COA affirms dissolution order despite husband’s arguments

The Boone Superior Court did not err in ordering an unequal division of a former couple’s marital estate, the Court of Appeals of Indiana has ruled.

Husband Vichitra Tyagi and wife Vinita Singh Tyagi married in September 2007, but Vinita filed for divorce in October 2016.

In September 2017, Vichitra’s parents, Sushma and Vijai, filed a motion to intervene in the dissolution proceedings on the grounds that Sushma owned Hoosier Broadband LLC and Vijai owned a Zionsville residence that the parties all resided in. The motion to intervene was granted, prompting Vichitra and Vinita to jointly move to bifurcate the dissolution proceedings and request that the Boone Superior Court determine, apart from the rest of the proceedings, whether HBB and the Zionsville residence should be included in the marital estate as marital assets.

In the first phase of the bifurcated proceedings, the trial court determined neither were martial assets. But following the final hearing, the trial court entered its decree of dissolution and found in relevant part that HBB owed a debt to Vichitra on a note payable in the amount of $183,031.38, which was identified as an asset to Vichitra in his share of the marital estate.

The trial court then found Vichitra’s weekly income for child support purposes should remain at $5,000 based on his ability to manipulate his income for tax purposes and ease-of-access to additional funds from HBB in his role as CEO and son of the owner.

The court also concluded Vinita’s evidence of the conversion rate from United States dollars to Indian rupees was to be used to determine the value of her financial transfers to her brother in India. Lastly, it ruled that the marital estate was to be divided 55-45 in Vinita’s favor.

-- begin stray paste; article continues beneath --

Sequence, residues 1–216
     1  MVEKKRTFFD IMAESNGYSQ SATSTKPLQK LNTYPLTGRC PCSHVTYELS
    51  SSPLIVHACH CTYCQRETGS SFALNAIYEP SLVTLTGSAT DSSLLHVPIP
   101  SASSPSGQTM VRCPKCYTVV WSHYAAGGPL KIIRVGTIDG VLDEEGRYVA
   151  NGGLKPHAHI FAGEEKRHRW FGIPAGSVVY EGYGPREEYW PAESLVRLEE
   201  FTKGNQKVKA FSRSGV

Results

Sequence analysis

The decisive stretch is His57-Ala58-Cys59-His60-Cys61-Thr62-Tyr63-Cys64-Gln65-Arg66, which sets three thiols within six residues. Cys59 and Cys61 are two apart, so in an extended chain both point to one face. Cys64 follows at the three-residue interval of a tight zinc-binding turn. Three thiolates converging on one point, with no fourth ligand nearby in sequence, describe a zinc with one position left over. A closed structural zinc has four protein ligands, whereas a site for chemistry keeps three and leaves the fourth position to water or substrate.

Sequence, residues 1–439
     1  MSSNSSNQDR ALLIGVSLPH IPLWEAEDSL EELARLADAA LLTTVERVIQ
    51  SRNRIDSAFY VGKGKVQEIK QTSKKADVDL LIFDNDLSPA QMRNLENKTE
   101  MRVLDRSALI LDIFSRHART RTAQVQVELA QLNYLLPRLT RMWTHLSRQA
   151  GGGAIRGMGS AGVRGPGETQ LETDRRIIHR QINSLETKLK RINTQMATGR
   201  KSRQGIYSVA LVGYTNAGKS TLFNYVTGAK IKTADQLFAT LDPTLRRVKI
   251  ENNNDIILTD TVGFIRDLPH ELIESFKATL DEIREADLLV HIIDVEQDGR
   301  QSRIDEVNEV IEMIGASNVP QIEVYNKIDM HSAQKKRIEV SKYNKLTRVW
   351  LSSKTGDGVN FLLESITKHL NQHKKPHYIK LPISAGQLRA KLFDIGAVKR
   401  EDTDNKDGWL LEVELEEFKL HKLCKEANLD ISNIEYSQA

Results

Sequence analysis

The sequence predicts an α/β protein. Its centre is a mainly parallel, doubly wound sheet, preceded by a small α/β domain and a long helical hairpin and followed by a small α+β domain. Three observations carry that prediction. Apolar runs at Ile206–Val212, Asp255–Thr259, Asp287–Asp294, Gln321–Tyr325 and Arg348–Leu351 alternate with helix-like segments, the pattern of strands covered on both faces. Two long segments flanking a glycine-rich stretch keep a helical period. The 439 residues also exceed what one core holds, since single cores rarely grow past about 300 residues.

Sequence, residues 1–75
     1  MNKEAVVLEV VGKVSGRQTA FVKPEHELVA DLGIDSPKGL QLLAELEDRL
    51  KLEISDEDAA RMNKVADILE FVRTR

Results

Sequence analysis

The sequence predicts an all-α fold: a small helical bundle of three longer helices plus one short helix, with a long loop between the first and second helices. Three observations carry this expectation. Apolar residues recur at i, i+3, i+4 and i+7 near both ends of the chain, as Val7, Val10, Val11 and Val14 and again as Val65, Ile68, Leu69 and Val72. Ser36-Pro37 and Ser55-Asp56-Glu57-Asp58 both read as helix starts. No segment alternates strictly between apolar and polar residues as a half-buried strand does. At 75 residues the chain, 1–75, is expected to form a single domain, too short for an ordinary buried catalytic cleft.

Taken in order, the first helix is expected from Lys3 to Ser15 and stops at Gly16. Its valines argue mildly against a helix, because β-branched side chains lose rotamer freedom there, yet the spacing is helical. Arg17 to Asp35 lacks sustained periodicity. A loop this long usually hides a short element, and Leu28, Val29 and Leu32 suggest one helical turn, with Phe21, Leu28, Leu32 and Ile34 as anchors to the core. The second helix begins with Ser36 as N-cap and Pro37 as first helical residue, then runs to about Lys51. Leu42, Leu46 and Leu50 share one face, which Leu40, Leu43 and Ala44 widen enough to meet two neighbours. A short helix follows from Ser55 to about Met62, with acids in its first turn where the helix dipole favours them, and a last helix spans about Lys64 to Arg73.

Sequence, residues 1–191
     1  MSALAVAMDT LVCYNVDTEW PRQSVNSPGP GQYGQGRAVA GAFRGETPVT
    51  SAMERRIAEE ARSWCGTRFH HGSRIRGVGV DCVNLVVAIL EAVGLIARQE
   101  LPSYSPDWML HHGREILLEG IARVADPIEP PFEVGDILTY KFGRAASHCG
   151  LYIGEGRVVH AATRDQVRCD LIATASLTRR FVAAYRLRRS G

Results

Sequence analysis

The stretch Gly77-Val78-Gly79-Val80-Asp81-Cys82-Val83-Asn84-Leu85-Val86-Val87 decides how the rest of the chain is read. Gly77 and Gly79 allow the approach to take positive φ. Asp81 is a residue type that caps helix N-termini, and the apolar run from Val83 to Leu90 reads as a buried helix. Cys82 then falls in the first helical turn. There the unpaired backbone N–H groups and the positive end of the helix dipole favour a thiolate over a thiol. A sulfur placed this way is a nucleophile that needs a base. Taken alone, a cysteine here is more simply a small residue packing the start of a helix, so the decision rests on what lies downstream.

The Court of Appeals affirmed, finding the trial court did not err in any of the four issues raised by Vichitra.

First, the appellate court found Vichitra misconstrued the stipulation of Vinita’s counsel regarding the note payable. It concluded Vinita only stipulated that there was no formal writing of the note payable owed by HBB but that there were other documents to prove its existence.

“Indeed, Wife introduced into the record HBB’s balance sheets, which showed the note payable, as well as Husband’s deposition testimony in the Hessman litigation, in which Husband admitted to the existence of the note payable,” Judge Paul Mathias wrote, referencing a lawsuit filed by former HBB co-owner James Hessman.

Next, the COA concluded it would not entertain Vichitra’s request to reweigh the evidence and give priority to his evidence over Vinita’s regarding his weekly income of $5,000 for purposes of child support.

It also found no error in the trial court’s reliance on Vinita’s evidence of the conversion rate from United States dollars to Indiana rupees at the time of the parties’ separation because Vichitra submitted no evidence in support of his preferred rate.

Finally, the appellate court found that Vichitra raised for the first time on appeal the contention that the trial court erred when it did not equally divide the marital estate. It noted he never argued in the trial court that the court should equally divide the marital estate.

“Instead, Husband expressly argued that an unequal division of the marital estate was appropriate, though Husband’s argument was that he should benefit from the unequal division. Husband cannot now argue, for the first time on appeal, that the trial court erred when it unequally divided the marital estate,” Mathias concluded.

The case is Vichitra Tyagi v. Vinita Singh Tyagi, 21A-DC-1392.

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